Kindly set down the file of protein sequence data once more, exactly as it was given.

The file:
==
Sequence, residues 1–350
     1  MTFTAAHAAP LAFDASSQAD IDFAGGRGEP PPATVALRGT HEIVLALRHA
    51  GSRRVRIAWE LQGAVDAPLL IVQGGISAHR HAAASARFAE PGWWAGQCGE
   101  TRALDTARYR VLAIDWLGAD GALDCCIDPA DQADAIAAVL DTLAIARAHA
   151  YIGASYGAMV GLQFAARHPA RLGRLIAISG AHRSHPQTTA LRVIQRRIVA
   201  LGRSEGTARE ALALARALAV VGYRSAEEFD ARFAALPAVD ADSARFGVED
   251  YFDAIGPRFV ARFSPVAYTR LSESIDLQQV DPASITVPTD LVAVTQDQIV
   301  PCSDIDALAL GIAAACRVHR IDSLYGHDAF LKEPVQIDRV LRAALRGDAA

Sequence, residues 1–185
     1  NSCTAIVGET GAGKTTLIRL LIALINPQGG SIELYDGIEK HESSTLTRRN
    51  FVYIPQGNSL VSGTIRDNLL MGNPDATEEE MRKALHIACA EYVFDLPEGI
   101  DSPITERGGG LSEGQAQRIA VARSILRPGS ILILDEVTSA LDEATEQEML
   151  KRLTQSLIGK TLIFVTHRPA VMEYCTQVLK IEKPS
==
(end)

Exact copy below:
Sequence, residues 1–350
     1  MTFTAAHAAP LAFDASSQAD IDFAGGRGEP PPATVALRGT HEIVLALRHA
    51  GSRRVRIAWE LQGAVDAPLL IVQGGISAHR HAAASARFAE PGWWAGQCGE
   101  TRALDTARYR VLAIDWLGAD GALDCCIDPA DQADAIAAVL DTLAIARAHA
   151  YIGASYGAMV GLQFAARHPA RLGRLIAISG AHRSHPQTTA LRVIQRRIVA
   201  LGRSEGTARE ALALARALAV VGYRSAEEFD ARFAALPAVD ADSARFGVED
   251  YFDAIGPRFV ARFSPVAYTR LSESIDLQQV DPASITVPTD LVAVTQDQIV
   301  PCSDIDALAL GIAAACRVHR IDSLYGHDAF LKEPVQIDRV LRAALRGDAA

Sequence, residues 1–185
     1  NSCTAIVGET GAGKTTLIRL LIALINPQGG SIELYDGIEK HESSTLTRRN
    51  FVYIPQGNSL VSGTIRDNLL MGNPDATEEE MRKALHIACA EYVFDLPEGI
   101  DSPITERGGG LSEGQAQRIA VARSILRPGS ILILDEVTSA LDEATEQEML
   151  KRLTQSLIGK TLIFVTHRPA VMEYCTQVLK IEKPS